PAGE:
Sea Dragons and their Visitors, Street. (Somerset)

200 million years of the inhabitants of Street, Somerset.

They’ve changed a little bit in the intervening years. Mostly there are more bobble hats now. Fragments of fossil, one of many found nearby, with fragments of visitors. As they walked across in front of me, I thought it would be fun to add them to the drawing. From the Sea Dragons of Street exhibition, Alfred Gillett Trust. For more information see this link though the dates there refer to an older showing and the exhibition is also on this week until 5pm today: “19 large ichthyosaur fossils will be on display, as well a selection of smaller fossils found…

Ditch Dragons 2

Painting the Ditch Dragons – step by step

It’s been years since I’ve completed a ‘painting’ in this way, so I took a series of photographs as I painted the Ditch Dragons that I showed you in the previous post. I say ‘painting’ in inverted commas because it is part painting part drawing, and this is probably the main reason I stopped using this technique – I find the classification ‘mixed media’ curiously irritating because it could mean anything at all, and seldom is any further information given. And it slightly offends my purist nature. But it works, and it is a technique I invented for myself, though…

Somerset Ditch Dragons

Ditch Dragons

Continuing in my documentation of a Westcountry Bestiary, I am pleased to be able to introduce you to the Ditch Dragons. They are depicted here in their natural habitat on the edge of a country lane in deepest Somerset. For those unfamiliar with my local landscape, the beautiful county of Somerset is, generally speaking, a wet and soggy place, and as such it requires much drainage. The verges along the edge of quiet country lanes are not the solid ground that foreigners may imagine. Take care! Stepping off the road onto the verdant fringe may take one precipitously close to…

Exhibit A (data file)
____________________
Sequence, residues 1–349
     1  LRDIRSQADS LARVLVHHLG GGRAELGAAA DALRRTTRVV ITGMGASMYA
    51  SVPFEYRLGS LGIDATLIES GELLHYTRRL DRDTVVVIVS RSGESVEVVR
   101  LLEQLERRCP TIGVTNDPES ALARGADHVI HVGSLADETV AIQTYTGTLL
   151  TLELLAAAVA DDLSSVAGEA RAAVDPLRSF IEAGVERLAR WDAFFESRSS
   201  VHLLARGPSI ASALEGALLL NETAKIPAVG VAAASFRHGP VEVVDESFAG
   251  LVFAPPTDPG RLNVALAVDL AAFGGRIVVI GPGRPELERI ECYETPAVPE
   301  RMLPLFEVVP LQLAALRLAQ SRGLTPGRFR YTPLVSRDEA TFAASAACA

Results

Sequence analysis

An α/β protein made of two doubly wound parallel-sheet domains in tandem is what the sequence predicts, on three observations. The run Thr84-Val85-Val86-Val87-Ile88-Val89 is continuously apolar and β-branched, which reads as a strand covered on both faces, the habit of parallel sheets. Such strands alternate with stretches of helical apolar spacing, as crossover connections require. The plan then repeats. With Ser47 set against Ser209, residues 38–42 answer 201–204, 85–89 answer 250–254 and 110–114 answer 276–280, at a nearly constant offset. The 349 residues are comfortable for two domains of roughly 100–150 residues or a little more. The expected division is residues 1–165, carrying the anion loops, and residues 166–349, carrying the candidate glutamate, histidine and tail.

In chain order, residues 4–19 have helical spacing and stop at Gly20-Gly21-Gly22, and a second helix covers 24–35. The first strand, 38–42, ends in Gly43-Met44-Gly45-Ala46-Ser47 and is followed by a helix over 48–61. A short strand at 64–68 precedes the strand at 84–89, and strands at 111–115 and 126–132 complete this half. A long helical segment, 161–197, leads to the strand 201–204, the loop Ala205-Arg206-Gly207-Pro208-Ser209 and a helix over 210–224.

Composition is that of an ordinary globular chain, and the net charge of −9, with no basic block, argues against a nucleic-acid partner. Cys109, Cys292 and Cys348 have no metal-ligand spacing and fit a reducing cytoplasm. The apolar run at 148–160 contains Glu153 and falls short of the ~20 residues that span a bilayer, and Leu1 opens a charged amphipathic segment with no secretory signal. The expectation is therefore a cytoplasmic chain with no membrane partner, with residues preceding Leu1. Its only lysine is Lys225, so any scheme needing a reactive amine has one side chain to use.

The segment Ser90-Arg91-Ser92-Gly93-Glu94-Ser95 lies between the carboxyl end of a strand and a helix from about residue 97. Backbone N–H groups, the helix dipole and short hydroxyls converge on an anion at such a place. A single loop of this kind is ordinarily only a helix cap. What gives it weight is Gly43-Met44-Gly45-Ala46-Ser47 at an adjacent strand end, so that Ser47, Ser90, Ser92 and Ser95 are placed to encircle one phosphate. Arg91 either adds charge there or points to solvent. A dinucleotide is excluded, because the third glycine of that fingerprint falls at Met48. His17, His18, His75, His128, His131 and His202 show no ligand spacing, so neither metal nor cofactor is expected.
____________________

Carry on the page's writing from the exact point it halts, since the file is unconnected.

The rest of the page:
Ditch Dragons and the Westcountry Bestiary

A quick update: I have written and sent the blurb for my solo exibition at Ilminster in July, it is now definitely called ‘A Westcountry Bestiary’. So I need to steam ahead a bit and paint a few more creatures, beasties and denizens of the Westcountry.  This evening I am drawing Ditch Dragons. They are a thing, honest. Medusa is finished, and when I have time to stitch the scans together I shall post her but for the meantime, it’s dragons in the undergrowth…  

The Red Tree - painting in watercolour by Nancy Farmer

The Red Tree

New painting, going into the 303 Gallery’s Christmas exhibition next week. The theme was ‘A Walk in the Woods’…I know, it’s a bit Glastonbury, but at the same point there are interesting environmental and horticultural lessons here to be learned about dandelions and why we should be careful about cutting down trees… I’m a fan of Dandelions, and they are good for the soil – but what you see is the mere tip… of the dandelion. This is why they are good for the soil, but of course this is also why they are so very difficult to get rid…